Executive Summary This proposal details assembly of a multidisciplinary Disease Team whose goal will be to take into the clinic a novel and promising stem cell-based strategy for selectively targeting invasive tumor cells in high grade glioma. The therapy that this proposal intends to develop is centered on initial preclinical results demonstrating that neural stem cells (NSCs) can be used to target and deliver chemotherapeutic agents to tumors and infiltrative microfoci. Cell-based therapies have the capability to actively seek out tumor cells, a property essential to targeting dispersed invasive glioma microfoci. Genetic manipulation of NSCs so as to deliver a cytotoxic drug followed by their transplantation into brains affected by gliomas in animal models is proposed. A key goal would be the development of analytical methods and metrics to assess stem cell fate and efficacy following transplantation. Glioma is among the most intractable cancers, in part because invasion of the normal brain by tumor cells makes surgery only palliative. Therapies to eliminate invasive brain tumor cells while sparing normal brain are urgently needed to address this clinical gap. If the approach is successful, it could have a major impact on an extremely common and fatal group of diseases affecting adults. In addition to the potential significance of the work, reviewers were positive about the proposed planning process, and about certain features of the project that increased its feasibility and decreased safety concerns. Reviewers commented that this is a well-designed and well-structured disease planning team. The key areas of basic, pre-clinical and translational research have all been covered with the composition of the core team of three PIs. The aims are clearly defined and the elements necessary for success are identified, i.e. 1) refinement of the therapeutic to be delivered, 2) optimization of delivery regimens, 3) assessment of potential complications. Reviewers cited two key advantages in terms of plausibility for this project: 1) the inbuilt safety measure provided by the cytotoxic action on the NSCs themselves, should uncontrolled proliferation occur; and 2) the likelihood that any reduction in tumor bulk would be clinically advantageous; complete eradication is not a necessary end-point. In terms of principal investigator (PI), this applicant states that there will be three co-PIs heading the project. The first PI has extensive administrative and leadership experience in neuroscience, but is not a recognized leader in the SC field. The second PI is a recognized leader in this field however; s/he is also a collaborator on two similar, competing applications for the Disease Team Planning awards. The third PI is also a collaborator on one similar competing application. Some concern was expressed by the review panel as to how they would prioritize their commitments if more than one of these proposals was funded. Reviewers were of mixed opinions regarding the maturity of the project and whether the proposed team could be ready for the clinic in 5 years. One reviewer commented that progress to the clinic could be hastened if the team focused on signaling pathways that are known to be important for high-grade glioma formation and growth. This reviewer also commented that there is very little description or justification of the tumor models that will be used. The reviewer commented that the ability to successfully translate preclinical studies into clinical trials will be dependent, in part, on the fidelity of the tumor models in which these novel approaches are tested. Finally, Good Manufacturing Protocol (GMP) practices and clinical trial design are only addressed in a few lines and no consideration appears to have been given to late translational aspects of the project, such as patient recruitment or numbers of subjects per study. This final concern was ameliorated by the fact that the co-investigators provide substantial experience in GMP work. Reviewers emphasized that it is likely that most of the issues mentioned above can be addressed, and it is still possible that a clinical trial based on these studies is attainable within 5 years. The application of stem cells to brain tumor therapy is undoubtedly a critical medical problem that could advance stem cell therapies. Adult-onset cancers, such as this one, will enable many ethical and other issues to be dealt with effectively and therefore represent a target of high priority for this initiative. Given the strength of the described planning process and the significance of the research area, reviewers were comfortable recommending that this team receive a Disease Team Planning award. Reviewer One Comments Concept: The use of stem cells to track brain tumor cells and deliver a cytotoxic effect has significant support in literature. While these aspects of the proposal are mature, there are at least two issues that are not addressed well enough in the proposal that could impact on the success of stem cell application to malignant glioma cure. a. Targets: The molecular bases for high-grade glioma formation and growth are relatively well-described. EGF and PDGF receptor activation, PTEN mutation as well as inactivation of the Rb and p53 pathways are known to be important. The central role that these genetic alterations play in gliomagenesis has very recently been further advanced by the findings of The Cancer Genome Atlas. This project would be strengthened by efforts to target the pathways identified as important to gliomagenesis. b. Tumor models: The ability to successfully translate these preclinical studies into clinical trials will be dependent, in part, on the fidelity of the tumor models in which these novel approaches are tested. There is little to no description of what models are being utilized and why. These issues can be addressed and it is still possible that a clinical trial based on these studies is attainable within 5 years. The application of stem cells to brain tumor therapy is undoubtedly a critical medical problem that can advance stem cell therapies. Principal Investigator: The proposal states that it will be have three co-principal investigators (co-PIs). The first PI has extensive administrative experience in neuroscience but is not a recognized leader in this field. In fact he/she is co-author (not senior author) on only two stem cell publications. The second PI is a recognized leader in this field however, he/she is also a collaborator on two similar, competing applications to CIRM. The third PI is also a collaborator on 1 similar competing application. One of the competing proposals is a stronger application. It is not clear how they would prioritize their commitments if more than one of these proposals was funded. Planning Approach: The aims are clearly defined and the elements necessary for success are identified, i.e.,1) refinement of the therapeutic to be delivered, 2) optimization of delivery regimens, 3) assessment of potential complications. Limitations include a single stem cell source and no consideration of how alternate orthoptic models, i.,e., xenografts from established tumor cell lines or from CD133 selected primary isolates, could impact on results of the relatedness of findings to clinical applications. The planning process as outlined would likely prepare the team for a Disease Team Application Award. Reviewer Two Comments Concept: This proposal takes advantage of the ability of transplanted neural stem cells to home to the site of tumors in the central nervous system. Genetic manipulation of neural stem cells so as to deliver a cytotoxic drug followed by their transplantation into brains affected by gliomas in animal models is proposed. A key goal would be the development of analytical methods and metrics to assess stem cell fate and efficacy following transplantation. Plausibility of target This project is based on extremely interesting animal data showing the tumor tropism of transplanted neural stem cells. Two key advantages in terms of plausibility are: 1) The inbuilt safety measure provided by the cytotoxic action on the neural stem cells themselves, should uncontrolled proliferation occur; and 2) The likelihood that any reduction in tumor bulk would be clinically advantageous; complete eradication is not a necessary end-point. Evidence in support of therapeutic concept: The idea, while ingenious and exciting, is based on a relatively small literature at this stage. Can it go to clinic in 5 years? My view would be that more basic and pre-clinical research is required in this area before translational and clinical trial research is justified. This is reflected in the application; the key issues of GMP manufacture and clinical trial design are only addressed in a few lines and no consideration appears to have been given to patient recruitment, numbers etc. The likelihood is that the development of the analytical methods and metrics would take up much, if not all, of the 5 year period. Importance of problem and ability to advance stem cell medicine to the clinic: This is an extremely important area of medicine and a very exciting potential application of stem cells. If it works, it could have a major impact on an extremely common and fatal group of diseases affecting adults. Adult-onset cancers represent disease targets that enable many ethical and other issues to be dealt with effectively and therefore represent a target of high priority for this initiative. Principal Investigator: Track record of Principal Investigator: A lack of recent publications and clinical expertise is evident. Translational expertise of Principal Investigator: Not apparent, although the co-investigators provide more experience in animal models and GMP work. Leadership qualities of Principal Investigator Appropriate. Planning Approach: Merit of planning process proposed; is it well thought out? The key areas of basic, pre-clinical and translational research have all been considered with the composition of the core team of three PIs. It is not clear; however, how this team will bring cell-based therapy to clinical trial within 4 years as the expertise appears to be based in the areas of basic research and also in regulatory issues. The key issues of in vivo analysis, clinical trial planning and design are not considered in any length. How good is the team? The team appears to be rather weak in clinical implementation. Will an award enable the team to prepare a competitive application? Only if significant attention is given to the issues I have highlighted above. Reviewer Three Comments Concept: The investigator proposes a detailed assembly of a multidisciplinary disease team whose goal will be to take into clinic a novel and promising stem cell-based strategy for selectively targeting invasive tumor cells in high-grade glioma. These tumor cells tend to form microfoci scattered throughout the brain that are refractory to surgical resection, radiation and chemotherapy. The plan of this proposal will be to address the lack of effective therapies for primarily brain tumors due to the inability of current treatment strategies to eliminating infiltrating glioma cells while avoiding toxicity to normal brain. The therapy they intend to develop is centered on their preclinical results demonstrating that NSCs can be used to target and deliver chemotherapeutic agents to tumors and microfoci tumors. A proposed disease team adopted a set of strong analytical methods and metrics which will be critical for the assessment of relative therapeutic efficacies of various alternative therapies especially involving a clone human neuron stem-cell line “HDI-F3” that can be modified to express therapeutic tumorigenesis. Ultimately, a suite of standard in vitro and in vivo models would be required for quantitative measures as well as real-time tracking of administered cells. Principal Investigator: fine Planning Approach: This is a well designed, well structured disease planning team proposal and the actual therapeutic development process from initial concept from implantation.In addition the investigators nicely put together a well defined team that would have responsibility for both guidance coordination, writing a grant, and the preclinical investigations and ultimately the implantation with individuals identifying each of the realms for such ultimate a disease approach. In addition they have very well outlined a time table for how this team would get together, the roles of members and responsibilities of each meeting towards the submission of final proposal by the end of 2008. This is a well defined team and well defined target and a model grant proposal.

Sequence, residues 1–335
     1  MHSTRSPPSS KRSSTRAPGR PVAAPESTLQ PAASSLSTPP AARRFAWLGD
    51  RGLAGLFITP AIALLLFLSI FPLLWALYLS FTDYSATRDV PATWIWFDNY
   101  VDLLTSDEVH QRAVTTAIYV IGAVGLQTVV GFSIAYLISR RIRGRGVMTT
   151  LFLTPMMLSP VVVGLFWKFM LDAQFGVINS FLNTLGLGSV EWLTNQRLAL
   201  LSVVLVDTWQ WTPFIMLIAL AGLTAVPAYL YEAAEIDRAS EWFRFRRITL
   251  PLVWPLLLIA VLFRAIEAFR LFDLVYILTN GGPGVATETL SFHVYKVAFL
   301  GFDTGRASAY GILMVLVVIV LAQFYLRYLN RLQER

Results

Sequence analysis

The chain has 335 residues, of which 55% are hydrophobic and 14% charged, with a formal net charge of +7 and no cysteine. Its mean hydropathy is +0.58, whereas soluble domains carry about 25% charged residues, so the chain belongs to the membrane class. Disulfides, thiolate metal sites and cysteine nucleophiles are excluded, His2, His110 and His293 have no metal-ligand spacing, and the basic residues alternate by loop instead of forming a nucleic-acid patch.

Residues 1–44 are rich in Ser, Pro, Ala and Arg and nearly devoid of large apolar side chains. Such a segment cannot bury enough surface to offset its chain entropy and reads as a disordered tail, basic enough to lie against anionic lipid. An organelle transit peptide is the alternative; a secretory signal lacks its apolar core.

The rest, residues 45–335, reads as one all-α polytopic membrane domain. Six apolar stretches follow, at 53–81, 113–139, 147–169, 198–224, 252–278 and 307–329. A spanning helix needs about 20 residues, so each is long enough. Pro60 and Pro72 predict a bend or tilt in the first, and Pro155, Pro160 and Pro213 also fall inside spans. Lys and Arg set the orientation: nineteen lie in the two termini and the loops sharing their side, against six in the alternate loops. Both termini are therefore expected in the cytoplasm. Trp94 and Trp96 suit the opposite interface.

Conflicts: 

© 2013 California Institute for Regenerative Medicine